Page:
Angels' Albert Pujols is thrilled to be an All-Star again

It was a midsummer night's tradition for Mike Trout's family, which would gather around the television in their Millville, N.J., home to watch the All-Star game every July.

Trout, now the Angels wunderkind of a center fielder and a four-time All-Star at age 23, could always count on his boyhood idol, former New York Yankees shortstop Derek Jeter, to be in the game.

But there was another player who caught Trout's eye because he, too, was an All-Star fixture, an iconic player like Jeter, Cal Ripken Jr. and Tony Gwynn who was in the game virtually every year.

It was Albert Pujols, the former St. Louis slugger and now Angels first baseman and teammate who was a nine-time All-Star from 2001 to 2010.

"The best players play in that game, and he was one of the best, his numbers were pretty stupid," Trout said before Saturday night's game against the Seattle Mariners in Safeco Field. "The numbers he put up, the years he was having, how could he not be there?"

Pujols somehow found a way, injuries and a few slow starts resulting in a four-year All-Star drought from 2011 to 2014.

But Pujols, 35, is back this season to where many believe he belongs, the health of his legs providing the foundation for a huge first half that earned him not only a start in Tuesday night's All-Star game in Cincinnati but a spot in Monday's home run derby.

"When you think of Albert Pujols, you think of one of the best first basemen in the game for the last 15 years," Angels third baseman David Freese said. "As a fan, you expect a guy like that to be in the All-Star game. He's healthy and helping our team win. It's going to be nice to see him in the game."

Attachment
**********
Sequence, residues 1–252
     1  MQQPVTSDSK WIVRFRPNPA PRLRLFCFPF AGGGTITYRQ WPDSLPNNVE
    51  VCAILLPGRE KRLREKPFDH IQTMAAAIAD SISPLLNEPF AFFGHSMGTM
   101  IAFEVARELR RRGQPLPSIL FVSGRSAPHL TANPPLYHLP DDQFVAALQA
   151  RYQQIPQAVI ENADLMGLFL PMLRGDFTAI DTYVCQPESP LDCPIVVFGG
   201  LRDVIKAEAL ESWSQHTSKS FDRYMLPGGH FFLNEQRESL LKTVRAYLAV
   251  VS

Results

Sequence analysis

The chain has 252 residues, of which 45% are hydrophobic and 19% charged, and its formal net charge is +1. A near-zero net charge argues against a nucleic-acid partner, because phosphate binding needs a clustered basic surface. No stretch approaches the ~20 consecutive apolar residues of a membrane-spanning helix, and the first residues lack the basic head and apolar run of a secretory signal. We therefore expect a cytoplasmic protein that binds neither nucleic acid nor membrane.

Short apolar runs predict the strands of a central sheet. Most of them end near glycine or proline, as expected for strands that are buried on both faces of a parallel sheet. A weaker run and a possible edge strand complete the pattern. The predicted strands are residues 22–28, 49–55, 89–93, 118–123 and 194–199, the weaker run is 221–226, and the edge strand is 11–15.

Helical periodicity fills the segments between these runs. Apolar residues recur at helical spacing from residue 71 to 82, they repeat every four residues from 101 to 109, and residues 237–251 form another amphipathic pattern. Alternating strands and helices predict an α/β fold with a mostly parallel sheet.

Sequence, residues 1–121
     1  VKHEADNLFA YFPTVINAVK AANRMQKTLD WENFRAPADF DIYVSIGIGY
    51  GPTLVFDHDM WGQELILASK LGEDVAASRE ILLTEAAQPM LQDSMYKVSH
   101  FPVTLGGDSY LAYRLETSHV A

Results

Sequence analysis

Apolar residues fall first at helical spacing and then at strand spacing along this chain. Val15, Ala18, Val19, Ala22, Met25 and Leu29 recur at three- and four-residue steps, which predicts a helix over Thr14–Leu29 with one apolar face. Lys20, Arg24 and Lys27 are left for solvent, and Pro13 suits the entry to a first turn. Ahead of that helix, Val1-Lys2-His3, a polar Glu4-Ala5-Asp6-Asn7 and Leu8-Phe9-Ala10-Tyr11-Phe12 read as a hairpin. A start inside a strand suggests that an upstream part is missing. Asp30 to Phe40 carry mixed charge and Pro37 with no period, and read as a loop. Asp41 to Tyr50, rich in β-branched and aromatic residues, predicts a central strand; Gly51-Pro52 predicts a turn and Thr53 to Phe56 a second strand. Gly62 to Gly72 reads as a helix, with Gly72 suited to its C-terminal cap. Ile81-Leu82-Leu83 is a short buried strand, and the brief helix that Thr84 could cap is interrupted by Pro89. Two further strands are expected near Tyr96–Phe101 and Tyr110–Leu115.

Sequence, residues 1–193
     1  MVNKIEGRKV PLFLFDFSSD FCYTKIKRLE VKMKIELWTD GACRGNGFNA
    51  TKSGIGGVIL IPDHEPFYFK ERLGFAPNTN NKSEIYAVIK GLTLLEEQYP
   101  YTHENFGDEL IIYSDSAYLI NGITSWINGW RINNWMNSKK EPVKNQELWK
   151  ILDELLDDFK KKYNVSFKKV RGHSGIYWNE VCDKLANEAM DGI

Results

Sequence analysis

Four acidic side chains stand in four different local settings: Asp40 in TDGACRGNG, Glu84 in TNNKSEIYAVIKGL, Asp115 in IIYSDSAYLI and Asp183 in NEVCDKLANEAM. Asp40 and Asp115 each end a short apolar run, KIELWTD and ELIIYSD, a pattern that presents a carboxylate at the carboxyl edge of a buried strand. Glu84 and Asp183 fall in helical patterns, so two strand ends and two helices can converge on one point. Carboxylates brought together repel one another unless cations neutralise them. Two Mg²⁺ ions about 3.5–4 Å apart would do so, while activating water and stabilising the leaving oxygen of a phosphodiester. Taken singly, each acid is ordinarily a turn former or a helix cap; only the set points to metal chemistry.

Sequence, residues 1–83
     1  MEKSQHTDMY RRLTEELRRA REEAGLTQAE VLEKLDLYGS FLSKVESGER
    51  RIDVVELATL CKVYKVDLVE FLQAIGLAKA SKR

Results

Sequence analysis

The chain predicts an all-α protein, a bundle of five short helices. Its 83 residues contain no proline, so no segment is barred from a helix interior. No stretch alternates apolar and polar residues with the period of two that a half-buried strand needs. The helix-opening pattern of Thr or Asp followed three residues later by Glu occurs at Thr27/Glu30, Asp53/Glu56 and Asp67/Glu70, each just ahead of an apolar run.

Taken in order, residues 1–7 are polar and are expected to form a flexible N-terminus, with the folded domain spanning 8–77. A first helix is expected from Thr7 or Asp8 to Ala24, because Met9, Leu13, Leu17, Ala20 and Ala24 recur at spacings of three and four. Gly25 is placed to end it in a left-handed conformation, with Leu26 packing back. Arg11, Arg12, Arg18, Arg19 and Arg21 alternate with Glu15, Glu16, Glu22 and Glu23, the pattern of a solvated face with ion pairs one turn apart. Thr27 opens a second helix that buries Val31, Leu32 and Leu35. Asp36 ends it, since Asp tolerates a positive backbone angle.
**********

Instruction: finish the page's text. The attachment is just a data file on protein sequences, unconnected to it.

Pujols fractured his left wrist June 20, 2011, and was not picked for the All-Star game that summer. A brutal start to his Angels career, when he hit .190 with one home run and nine runs batted in through May 8, dashed his All-Star hopes in 2012.

Pujols was not All-Star worthy in 2013, when he hit .249 with 15 home runs and 57 RBIs in the first half and was slowed by an inflamed plantar fascia in his left heel and a sore right knee. He had a better first half in 2014, hitting .279 with 20 home runs and 64 RBIs, but it wasn't good enough to be on the team.

There was no denying Pujols this season. He began play Saturday with a .259 average, .329 on-base percentage, .544 slugging percentage, 26 home runs — tying him with Trout for the American League lead — and 56 RBIs.

And during a torrid 37-game stretch from May 27 through Tuesday, Pujols had a .299/.392/.730 slash line with 18 home runs, 39 RBIs, 19 walks and 11 strikeouts to help the Angels surge back into the AL West race.

"He put us on his back and carried us for a month, both he and Trout, and kept us alive," closer Huston Street said. "He's one of the best baseball players of all-time, and he's having one of the best seasons of his career. That says enough."

It's easier to carry a club with strong legs. Pujols has a unique stance in which he crouches to the point where he's almost in a sitting position, and he relies mostly on his legs to generate power. When his legs aren't 100%, neither is his swing.

"You don't teach that," hitting coach Don Baylor said. "His stance is different than anyone else's, but it works for him. He always talks about getting his legs into his swing, and I don't think he really had that last year. You could tell a difference this spring, when he was hitting balls on a line out of the park."

Trout has played only four seasons with Pujols, but he could tell the slugger wasn't right in 2014 and especially in 2013.

"When your legs are banged up and you're altering your swing … I'm not trying to make excuses for him, but I see him every day, and he plays through some aches and pains," Trout said. "He's been through a lot."

Pujols called his All-Star selection "a great honor," and he's as excited to go for the 10th time as he was the first.

"It's the same special feeling I had when I was 21," Pujols said. "It's pretty special, especially with the great players in the game right now. It's hard to get in. To put in the hard work and to feel healthy all year is rewarding."

Good health, though, is apparently relative. Pujols feels better than he did the previous two seasons, but Street said he is still playing hurt.

"He has not been all-the-way healthy this past month," Street said. "He would never talk about it. He he doesn't want people to know, and he doesn't make excuses.

"That's Albert. In the short time I've been here, I've seen him play through a hamstring, a groin, but he wants to be on the field, and that to me is what's most impressive. After all this time, he's still striving for greatness."

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